by Geoff Fox
Dan Murphy has been a member of the Hancock Rotary for 45 years and was recently honored by the organization for those years of service.
During their meeting on October 31, Murphy was surprised to be honored with The Paul Harris Fellow recognition, which acknowledges individuals who contribute, or who have contributions made in their name, of $1,000 to the Rotary Foundation.
Paul Harris was the founder of the Rotary Club in February 1905 when he and three others met in Gustavus Loehr’ s office of the Unity Building in downtown Chicago.
Murphy said he had knowledge of Rotary from his hometown of Keyser, W.Va., and friend of his father who was active in the Rotary there.
“I heard about Rotary when I was a pretty young man and the things they would do around Keyser,” he said.
When the Hancock Rotary was formed in the 1940s, Murphy said it was the Keyser Rotary who sponsored Hancock.
“So there’s a link there,” Murphy said.
When he came to Hancock in 1977 as a young veterinarian, Murphy said he didn’t have much free time then, but his mentor, Dr. Leo Shives, was active in Hancock’ s Rotary at the time.
Murphy said at that time, Rotary held their meetings on Tuesday nights in the basement of Weaver’s Restaurant and Shives would take him to the meetings, wanting Murphy to join Rotary.
It was within a year after coming to Hancock that Murphy became a Rotarian.
Murphy said when he was courted to join Rotary, he was told about the good things the club had done in Hancock and the world.
“That is what got me involved,” Murphy said, noting the group was welcoming. “It was a great experience all around.”
In his 45 years as a Rotarian, Murphy has been president eight different times.
“I’ve been involved in so many different projects that Rotary has done,” Murphy said.
There have been scholarships to students at both Hancock and Southern Fulton High Schools, which Murphy has been involved with the committee in reviewing the applications.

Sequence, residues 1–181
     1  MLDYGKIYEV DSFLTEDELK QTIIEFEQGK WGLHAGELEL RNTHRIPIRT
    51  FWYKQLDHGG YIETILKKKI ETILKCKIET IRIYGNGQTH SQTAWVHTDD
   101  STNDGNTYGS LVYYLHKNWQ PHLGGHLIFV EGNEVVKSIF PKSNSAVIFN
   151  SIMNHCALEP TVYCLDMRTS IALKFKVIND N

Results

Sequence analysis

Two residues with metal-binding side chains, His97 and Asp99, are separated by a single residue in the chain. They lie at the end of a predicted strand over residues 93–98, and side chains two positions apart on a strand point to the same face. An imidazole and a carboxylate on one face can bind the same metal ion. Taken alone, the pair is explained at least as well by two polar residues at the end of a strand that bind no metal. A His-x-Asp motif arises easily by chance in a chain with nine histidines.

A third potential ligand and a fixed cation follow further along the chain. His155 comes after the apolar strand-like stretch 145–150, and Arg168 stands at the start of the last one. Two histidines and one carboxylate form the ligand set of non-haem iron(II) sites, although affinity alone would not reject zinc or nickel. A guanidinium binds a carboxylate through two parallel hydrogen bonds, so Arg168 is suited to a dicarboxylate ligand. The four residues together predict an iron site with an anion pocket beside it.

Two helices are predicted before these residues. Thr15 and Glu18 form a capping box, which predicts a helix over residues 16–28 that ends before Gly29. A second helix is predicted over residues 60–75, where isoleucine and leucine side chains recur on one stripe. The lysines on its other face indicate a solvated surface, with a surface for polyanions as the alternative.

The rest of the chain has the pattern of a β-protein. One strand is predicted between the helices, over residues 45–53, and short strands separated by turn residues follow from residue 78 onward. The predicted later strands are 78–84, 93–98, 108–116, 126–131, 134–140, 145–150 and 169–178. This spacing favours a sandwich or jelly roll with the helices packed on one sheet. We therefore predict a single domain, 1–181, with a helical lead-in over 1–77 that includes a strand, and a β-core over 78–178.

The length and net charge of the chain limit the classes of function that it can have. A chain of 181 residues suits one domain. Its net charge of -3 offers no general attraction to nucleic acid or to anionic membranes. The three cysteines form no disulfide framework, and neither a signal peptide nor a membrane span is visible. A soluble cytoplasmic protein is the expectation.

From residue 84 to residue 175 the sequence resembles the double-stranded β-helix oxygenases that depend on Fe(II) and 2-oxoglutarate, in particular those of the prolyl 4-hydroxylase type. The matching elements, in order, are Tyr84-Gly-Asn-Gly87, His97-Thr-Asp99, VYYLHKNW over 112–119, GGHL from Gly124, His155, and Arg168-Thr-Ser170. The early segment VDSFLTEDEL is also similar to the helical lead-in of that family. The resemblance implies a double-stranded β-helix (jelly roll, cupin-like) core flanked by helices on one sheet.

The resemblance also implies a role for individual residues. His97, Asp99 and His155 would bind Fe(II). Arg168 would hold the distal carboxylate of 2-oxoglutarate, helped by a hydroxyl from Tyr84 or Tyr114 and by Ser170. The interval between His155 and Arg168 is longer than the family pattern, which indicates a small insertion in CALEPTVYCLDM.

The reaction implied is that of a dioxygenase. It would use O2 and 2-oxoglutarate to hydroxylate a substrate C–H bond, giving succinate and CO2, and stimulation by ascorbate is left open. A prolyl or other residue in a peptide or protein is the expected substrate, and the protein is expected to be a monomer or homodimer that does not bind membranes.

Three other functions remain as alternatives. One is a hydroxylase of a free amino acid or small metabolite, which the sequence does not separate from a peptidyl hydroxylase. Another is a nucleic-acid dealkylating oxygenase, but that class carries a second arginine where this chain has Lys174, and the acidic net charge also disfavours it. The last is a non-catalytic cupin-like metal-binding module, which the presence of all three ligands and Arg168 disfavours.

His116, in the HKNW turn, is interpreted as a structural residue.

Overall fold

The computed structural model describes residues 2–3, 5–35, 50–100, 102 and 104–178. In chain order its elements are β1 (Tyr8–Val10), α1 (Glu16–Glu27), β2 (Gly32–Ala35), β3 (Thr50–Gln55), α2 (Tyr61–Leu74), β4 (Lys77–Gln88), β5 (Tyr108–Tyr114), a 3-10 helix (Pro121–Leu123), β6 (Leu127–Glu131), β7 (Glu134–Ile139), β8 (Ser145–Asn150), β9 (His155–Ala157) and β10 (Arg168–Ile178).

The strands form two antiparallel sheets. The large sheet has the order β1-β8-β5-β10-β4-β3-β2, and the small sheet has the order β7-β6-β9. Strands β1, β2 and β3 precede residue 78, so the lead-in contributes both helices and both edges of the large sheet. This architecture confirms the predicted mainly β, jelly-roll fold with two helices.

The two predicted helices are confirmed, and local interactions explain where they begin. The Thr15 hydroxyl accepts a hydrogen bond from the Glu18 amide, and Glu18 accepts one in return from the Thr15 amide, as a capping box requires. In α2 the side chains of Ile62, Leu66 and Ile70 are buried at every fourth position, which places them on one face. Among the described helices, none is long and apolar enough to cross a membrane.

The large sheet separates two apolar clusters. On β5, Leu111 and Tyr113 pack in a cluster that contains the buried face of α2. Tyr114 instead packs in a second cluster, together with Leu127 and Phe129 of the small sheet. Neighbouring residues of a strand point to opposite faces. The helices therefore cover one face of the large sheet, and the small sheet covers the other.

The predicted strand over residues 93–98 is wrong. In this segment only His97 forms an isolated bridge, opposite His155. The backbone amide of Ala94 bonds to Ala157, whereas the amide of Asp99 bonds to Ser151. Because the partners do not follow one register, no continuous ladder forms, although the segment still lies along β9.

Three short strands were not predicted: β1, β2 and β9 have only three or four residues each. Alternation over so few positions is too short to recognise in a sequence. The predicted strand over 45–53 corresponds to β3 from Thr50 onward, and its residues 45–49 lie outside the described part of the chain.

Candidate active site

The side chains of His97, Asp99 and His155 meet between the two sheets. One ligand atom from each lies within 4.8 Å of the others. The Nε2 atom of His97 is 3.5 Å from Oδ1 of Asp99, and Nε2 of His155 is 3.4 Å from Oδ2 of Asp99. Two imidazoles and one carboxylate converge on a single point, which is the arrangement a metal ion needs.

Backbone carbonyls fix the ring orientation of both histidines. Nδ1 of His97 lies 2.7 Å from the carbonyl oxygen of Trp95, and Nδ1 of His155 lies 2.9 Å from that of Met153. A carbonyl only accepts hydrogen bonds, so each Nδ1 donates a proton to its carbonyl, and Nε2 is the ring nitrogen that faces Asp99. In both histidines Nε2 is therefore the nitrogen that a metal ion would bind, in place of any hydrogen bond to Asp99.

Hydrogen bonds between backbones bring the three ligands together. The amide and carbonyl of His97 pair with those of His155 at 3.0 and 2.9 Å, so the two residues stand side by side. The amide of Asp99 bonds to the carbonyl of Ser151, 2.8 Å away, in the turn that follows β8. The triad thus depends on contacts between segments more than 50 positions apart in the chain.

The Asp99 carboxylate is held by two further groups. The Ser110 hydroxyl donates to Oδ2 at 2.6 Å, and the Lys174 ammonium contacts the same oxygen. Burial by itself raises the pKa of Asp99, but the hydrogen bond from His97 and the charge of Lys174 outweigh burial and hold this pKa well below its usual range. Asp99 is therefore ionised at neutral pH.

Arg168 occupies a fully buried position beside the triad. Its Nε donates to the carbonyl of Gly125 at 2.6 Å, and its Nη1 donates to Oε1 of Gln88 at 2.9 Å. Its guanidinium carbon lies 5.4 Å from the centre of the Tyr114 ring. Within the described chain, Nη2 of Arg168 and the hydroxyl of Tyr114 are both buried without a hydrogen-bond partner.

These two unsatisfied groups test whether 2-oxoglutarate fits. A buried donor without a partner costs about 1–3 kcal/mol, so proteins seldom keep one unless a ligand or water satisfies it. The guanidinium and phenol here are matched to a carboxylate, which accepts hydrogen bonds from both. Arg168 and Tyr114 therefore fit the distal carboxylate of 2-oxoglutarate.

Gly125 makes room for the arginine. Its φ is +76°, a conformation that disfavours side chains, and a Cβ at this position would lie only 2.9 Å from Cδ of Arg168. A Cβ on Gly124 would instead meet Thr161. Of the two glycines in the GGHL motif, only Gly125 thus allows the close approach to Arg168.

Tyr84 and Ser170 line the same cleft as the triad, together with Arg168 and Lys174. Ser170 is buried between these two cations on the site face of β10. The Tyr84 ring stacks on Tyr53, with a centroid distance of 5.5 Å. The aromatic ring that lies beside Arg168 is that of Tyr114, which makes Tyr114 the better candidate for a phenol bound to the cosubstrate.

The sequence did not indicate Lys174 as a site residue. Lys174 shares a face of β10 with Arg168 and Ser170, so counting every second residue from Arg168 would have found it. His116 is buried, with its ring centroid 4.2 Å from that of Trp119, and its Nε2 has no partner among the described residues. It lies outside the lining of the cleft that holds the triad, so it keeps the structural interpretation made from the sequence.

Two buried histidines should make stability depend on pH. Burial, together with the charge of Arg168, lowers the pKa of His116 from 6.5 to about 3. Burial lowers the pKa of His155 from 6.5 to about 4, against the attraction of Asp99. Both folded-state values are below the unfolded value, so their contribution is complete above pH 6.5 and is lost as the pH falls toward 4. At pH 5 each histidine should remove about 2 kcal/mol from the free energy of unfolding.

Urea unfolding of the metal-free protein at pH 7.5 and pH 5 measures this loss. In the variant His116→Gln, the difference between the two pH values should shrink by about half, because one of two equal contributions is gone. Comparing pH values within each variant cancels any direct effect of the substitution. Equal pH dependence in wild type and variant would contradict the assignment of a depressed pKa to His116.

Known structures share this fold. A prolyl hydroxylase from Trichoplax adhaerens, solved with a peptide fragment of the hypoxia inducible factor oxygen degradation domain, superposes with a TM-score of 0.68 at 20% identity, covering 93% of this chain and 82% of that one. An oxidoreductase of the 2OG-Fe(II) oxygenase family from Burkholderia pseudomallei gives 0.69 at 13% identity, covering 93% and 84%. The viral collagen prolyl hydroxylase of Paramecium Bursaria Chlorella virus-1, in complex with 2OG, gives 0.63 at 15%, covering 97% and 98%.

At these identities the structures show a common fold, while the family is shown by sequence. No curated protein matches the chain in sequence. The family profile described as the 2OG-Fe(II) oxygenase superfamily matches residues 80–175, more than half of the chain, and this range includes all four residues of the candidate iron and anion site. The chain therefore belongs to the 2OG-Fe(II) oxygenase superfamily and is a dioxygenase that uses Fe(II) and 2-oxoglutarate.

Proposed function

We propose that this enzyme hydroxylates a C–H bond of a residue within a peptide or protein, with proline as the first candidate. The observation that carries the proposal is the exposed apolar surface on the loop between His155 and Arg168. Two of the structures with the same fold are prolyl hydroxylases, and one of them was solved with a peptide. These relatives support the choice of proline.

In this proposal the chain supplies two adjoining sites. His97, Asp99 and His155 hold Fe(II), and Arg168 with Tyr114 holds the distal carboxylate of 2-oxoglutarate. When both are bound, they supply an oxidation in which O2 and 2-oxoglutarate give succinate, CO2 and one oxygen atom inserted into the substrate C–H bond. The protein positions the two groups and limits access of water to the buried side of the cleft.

The biggest thing that happened during the past 45 years Murphy has been involved with Rotary, occurred in the 1980s and was a controversial subject.
Prior to the 1980s, Rotary was a male only organization. It was during the 1980s when women were allowed to join Rotary.
“It’s absolutely the greatest thing that ever happened to Rotary,” Murphy said about women joining Rotary, adding there are more women than men in the Hancock Rotary.
Some other things that have happened in Murphy’s 45 years was the planting of apple trees in Joseph Hancock Park to commemorate the orchard history, beautification projects around Hancock, enhance some of the athletic programs along the way, and a number of international projects.
Murphy said those international projects are “the cool things” that link Hancock to other clubs around the world.
After a tsunami hit Sri Lanka in 2004, killing 30,000 people, Murphy said there were two members of the Hancock Rotary who had served in Sri Lanka and knew members of Rotary in that country.
“So we actually got a grant for, and raised money for, and we helped them build public restrooms after the tsunami devastated their community,” he said.
One of the current things Rotary is working on is polio eradication with their Polio Plus program.